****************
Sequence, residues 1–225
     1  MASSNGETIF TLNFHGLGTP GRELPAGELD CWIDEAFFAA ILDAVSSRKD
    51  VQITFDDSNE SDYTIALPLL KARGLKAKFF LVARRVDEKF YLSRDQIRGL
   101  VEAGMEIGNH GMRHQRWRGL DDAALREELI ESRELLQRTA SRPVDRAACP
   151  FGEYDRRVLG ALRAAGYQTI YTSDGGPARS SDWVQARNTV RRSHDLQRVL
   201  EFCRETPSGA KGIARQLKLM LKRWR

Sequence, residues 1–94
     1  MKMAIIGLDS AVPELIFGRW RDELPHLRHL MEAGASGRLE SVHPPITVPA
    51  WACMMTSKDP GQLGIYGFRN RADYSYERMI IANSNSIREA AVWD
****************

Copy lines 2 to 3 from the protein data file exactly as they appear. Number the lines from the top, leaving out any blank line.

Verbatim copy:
     1  MASSNGETIF TLNFHGLGTP GRELPAGELD CWIDEAFFAA ILDAVSSRKD
    51  VQITFDDSNE SDYTIALPLL KARGLKAKFF LVARRVDEKF YLSRDQIRGL